I’m thrilled to welcome Wendy Tyson, author of the Greenhouse Mysteries, to the Stiletto Gang.
Wendy’s latest book, Sowing Malice, releases tomorrow!
Also, don’t miss your chance to grab Bitter Harvest for a mere #99cents!
Wendy was kind enough to answer a few of my nosy questions!
In case readers haven't yet fallen in love with Megan Sawyer, please tell us a bit about her.
Megan is a big-city environmental attorney-turned organic farmer. Following the tragic death of her soldier husband, Megan returns to her roots in scenic Winsome, Pennsylvania to take over the family farm and storefront and live with her spirited octogenarian grandmother, Bonnie “Bibi” Birch. In the beginning, the transition is hard. The farm is a mess, the storefront and cafe need to be completely remodeled, and the town zoning commissioner won’t cooperate. On top of that, Megan has to deal with ghosts from her past: memories of her late husband and a host of buried family secrets. Megan and Bibi persevere, and together they turn historical Washington Acres into a working farm and cafe—and solve a few murders along the way.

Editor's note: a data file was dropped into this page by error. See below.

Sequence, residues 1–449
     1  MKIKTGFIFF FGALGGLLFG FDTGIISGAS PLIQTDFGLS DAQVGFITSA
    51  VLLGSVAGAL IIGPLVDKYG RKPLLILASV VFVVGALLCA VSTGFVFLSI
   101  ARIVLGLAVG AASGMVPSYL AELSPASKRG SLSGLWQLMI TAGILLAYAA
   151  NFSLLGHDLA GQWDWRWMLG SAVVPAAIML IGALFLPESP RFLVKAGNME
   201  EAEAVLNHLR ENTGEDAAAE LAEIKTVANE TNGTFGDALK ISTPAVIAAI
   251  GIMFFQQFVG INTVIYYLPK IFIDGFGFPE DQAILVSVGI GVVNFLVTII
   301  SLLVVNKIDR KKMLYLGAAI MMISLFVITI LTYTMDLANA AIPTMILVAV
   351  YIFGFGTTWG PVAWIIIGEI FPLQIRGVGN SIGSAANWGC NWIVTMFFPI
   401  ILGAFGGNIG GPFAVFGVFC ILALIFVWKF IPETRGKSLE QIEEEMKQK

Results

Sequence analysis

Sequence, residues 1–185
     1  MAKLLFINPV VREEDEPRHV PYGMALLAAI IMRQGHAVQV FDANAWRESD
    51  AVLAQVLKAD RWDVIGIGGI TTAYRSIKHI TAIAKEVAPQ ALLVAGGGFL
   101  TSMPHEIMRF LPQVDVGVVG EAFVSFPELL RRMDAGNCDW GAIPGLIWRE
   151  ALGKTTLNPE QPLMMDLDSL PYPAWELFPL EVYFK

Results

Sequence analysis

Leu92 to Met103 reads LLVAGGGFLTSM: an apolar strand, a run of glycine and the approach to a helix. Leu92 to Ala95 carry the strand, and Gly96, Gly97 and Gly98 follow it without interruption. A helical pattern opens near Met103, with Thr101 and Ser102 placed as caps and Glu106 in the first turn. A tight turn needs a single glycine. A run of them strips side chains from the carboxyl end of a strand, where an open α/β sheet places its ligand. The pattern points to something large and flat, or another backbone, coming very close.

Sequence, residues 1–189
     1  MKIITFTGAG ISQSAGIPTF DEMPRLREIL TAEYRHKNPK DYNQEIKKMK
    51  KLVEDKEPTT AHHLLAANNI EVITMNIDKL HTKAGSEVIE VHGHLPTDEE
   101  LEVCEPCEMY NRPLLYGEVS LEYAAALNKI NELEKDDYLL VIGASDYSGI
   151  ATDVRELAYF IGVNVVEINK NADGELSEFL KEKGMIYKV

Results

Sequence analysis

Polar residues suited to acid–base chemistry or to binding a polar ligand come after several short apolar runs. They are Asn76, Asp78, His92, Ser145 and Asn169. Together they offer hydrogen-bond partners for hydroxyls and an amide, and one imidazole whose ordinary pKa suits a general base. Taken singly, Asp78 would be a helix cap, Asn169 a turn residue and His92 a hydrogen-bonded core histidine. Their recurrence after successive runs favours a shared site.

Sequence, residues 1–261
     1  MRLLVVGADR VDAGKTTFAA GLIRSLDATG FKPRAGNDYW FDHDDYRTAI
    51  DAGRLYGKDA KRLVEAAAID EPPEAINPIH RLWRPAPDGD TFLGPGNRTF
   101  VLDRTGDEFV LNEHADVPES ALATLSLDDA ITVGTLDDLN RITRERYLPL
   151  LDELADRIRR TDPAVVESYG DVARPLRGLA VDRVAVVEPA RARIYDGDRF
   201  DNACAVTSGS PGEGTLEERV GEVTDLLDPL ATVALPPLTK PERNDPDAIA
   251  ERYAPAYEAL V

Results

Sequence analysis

Megan is a gardener. Are you? What do you like to grow?
Megan moves back to a small town, Winsome, PA - what is it about small towns and cozy mysteries that makes such a good pairing?
There is something inherently comforting with small towns. When you’re part of a small town (as we are here in Vermont—population 400), you know many or most of your neighbors. While that sense of community and closeness you get from a small town is an appealing aspect of the cozy genre, I think there are practical reasons for the setting’s popularity as well. Most cozy mysteries star an amateur sleuth. As an amateur, it can be hard to get information. Police, private investigators, FBI agents, journalists…they all have the means to dig up dirt on suspects, and getting involved in or following a crime is often their job. The amateur, on the other hand, needs a reason to be involved and ways to get information. By setting a cozy in a small town, one in which the amateur sleuth is well connected, the author can more easily give their heroine/hero access to people and information. For example, the main character may be friends with the chief of police or be the sister of the town clerk. For me, setting the story in a small town like Winsome does double duty: it provides that sense of community (which ups the stakes when there’s a murderer about), and it means Megan’s crime-solving is believable in the context of where she lives.
Wendy Tyson is a member of Sisters in Crime, Penn Writers, and International Thriller Writers, and she's a contributing editor and columnist for International Thriller Writers' online magazines, The Big Thrill and The Thrill Begins. Wendy and her family live in Vermont.
Find Wendy on Facebook or at www.WATyson.com.